Finding the guests, developing the segment, working with the network to figure out what exactly is going to happen during the segment. Working with the executive producer, making sure all the staff knows what they’re doing on the show day and taping. That was a big highlight for me. I loved everything moving about television. I liked the high pace of it. I thought this person was crazy telling me that I needed to be in PR, but at the same time, I’d met my husband who was then my boyfriend, but not my boyfriend yet because I met him on an airplane and worked in the music industry. He said, “You should look at doing PR because you’re not getting any jobs in television and you still have this whole other side that you can bring to PR because you have those television skills and you have the contacts.”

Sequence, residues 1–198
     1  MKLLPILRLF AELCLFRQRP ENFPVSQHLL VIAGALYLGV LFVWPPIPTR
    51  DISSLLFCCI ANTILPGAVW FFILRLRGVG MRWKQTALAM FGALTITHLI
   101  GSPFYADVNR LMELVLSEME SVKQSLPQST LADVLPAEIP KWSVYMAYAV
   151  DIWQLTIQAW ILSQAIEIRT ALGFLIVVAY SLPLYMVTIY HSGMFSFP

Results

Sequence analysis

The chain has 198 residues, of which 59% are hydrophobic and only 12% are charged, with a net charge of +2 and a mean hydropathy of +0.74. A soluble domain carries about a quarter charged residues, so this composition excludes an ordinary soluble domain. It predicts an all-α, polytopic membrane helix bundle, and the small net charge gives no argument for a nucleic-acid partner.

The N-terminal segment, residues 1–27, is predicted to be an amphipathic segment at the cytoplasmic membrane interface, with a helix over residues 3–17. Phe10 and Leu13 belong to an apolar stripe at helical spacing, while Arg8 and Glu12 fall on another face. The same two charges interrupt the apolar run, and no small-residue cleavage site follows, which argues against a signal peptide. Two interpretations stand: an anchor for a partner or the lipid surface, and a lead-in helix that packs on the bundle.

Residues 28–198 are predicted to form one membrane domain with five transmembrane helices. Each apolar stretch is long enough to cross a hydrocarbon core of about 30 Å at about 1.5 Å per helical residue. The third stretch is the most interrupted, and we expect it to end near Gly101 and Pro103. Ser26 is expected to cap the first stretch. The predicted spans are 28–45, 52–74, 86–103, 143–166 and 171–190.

With the advice of this coach, I decided that that’s what I was going to do. I was going to try the PR thing out. I was a part of an all-women mastermind group. One of the girls said, “I have the perfect client for you. When you’re ready, I’m going to introduce you to said clients.” I said, “Okay, great.” I helped two experts. One was a lawyer and one was a chiropractor. I got them both on CNN and decided that the television thing was the shiny things. It was like, “Shiny things over here.” It wasn’t working out. When I started doing the PR for the chiropractor and the lawyer and getting the lawyer on CNN for a bunch of stuff, I realized the lawyer had several books as well.